After the article was published, I sent it to Nathalie and checked in with her. She replied with an email expressing gratitude and said she was happy the interview was with someone who understood and in the context of holding him accountable, which was the express goal of publishing the story.

Months later, last Saturday, Nathalie reached out to me saying that the article was attracting unwanted attention. She wanted the article to be edited so details would be removed. She also said that, in our interview, I said I would not publicize details of the assault.

I responded to Nathalie twice then. In the first email, I told her how sorry I was that she was receiving unwanted attention. I reminded her that she and I talked through how the interview would work prior to it. I also asked for more clarification on which line she felt was gratuitous. Finally, I told her that journalists generally do not alter stories like this post-publication unless they’re issuing a factual correction, but I would love to talk on the phone about this so I could at least try and help her with the messages. I then immediately sent her a second message noting that I would understand if her recollection of the interview differed and added that my notes were at home (I was in the office).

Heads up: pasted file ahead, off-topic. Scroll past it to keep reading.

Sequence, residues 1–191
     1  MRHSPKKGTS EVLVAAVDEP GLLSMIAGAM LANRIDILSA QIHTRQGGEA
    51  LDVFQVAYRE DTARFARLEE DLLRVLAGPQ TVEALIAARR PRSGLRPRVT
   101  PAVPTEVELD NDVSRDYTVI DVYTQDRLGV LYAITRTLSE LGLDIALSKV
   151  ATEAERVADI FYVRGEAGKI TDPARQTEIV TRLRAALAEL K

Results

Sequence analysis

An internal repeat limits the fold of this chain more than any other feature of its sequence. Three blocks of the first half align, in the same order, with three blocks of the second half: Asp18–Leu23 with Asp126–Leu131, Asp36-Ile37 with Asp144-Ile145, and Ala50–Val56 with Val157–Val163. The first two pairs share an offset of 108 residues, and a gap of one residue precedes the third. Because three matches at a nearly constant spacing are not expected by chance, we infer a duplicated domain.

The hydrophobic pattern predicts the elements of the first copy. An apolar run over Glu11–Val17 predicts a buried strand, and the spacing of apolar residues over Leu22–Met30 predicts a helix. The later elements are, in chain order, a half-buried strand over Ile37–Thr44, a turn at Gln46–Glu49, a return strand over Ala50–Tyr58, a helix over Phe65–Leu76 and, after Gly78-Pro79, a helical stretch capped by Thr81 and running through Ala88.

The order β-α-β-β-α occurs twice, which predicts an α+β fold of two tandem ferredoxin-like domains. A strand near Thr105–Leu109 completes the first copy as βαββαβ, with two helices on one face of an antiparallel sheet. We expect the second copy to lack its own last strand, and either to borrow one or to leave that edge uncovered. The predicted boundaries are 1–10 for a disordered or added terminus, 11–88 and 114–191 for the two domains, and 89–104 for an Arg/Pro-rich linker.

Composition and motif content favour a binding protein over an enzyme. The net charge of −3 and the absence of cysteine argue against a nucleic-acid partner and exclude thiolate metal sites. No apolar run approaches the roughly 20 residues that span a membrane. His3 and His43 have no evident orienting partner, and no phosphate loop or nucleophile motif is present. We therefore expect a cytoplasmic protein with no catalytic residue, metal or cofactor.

Nathalie indicated she did not want to talk further. I sent her a final email explaining how seriously I took this, thanking her for her bravery and offering to speak whenever she’d like.

Days later, I learned that Nathalie contacted my former boss at Kotaku. I do not know the contents of that email, but I understand that she reiterated her same criticisms in stronger terms and did not indicate that we had spoken. My former boss said he would consider her ask and get back shortly. Nathalie published her blog post a couple of days after.

Both before and after reading Nathalie’s blog post, I reviewed the recording of our first interview. My description of events was reconstructed from our emails, that interview recording and conversations with editors.

At this point, I understand that Nathalie’s blog post has circulated. It is enormously disappointing that she has a negative memory of our interview process. Reporting on sexual assault constitutes a tough balance between empathy and journalistic rigor. (The infamous Rolling Stone story is a case study in this.) And interviewing people who are unaccustomed to the reporting process can be tricky because it is impossible to know what they do and do not understand about it coming in. It would be outlandish to say I’ve never made a reporting mistake in my career. In this specific instance, I believe my reporting method was by the book.

Please be kind and empathetic. Please remain generous and trusting. Thank you.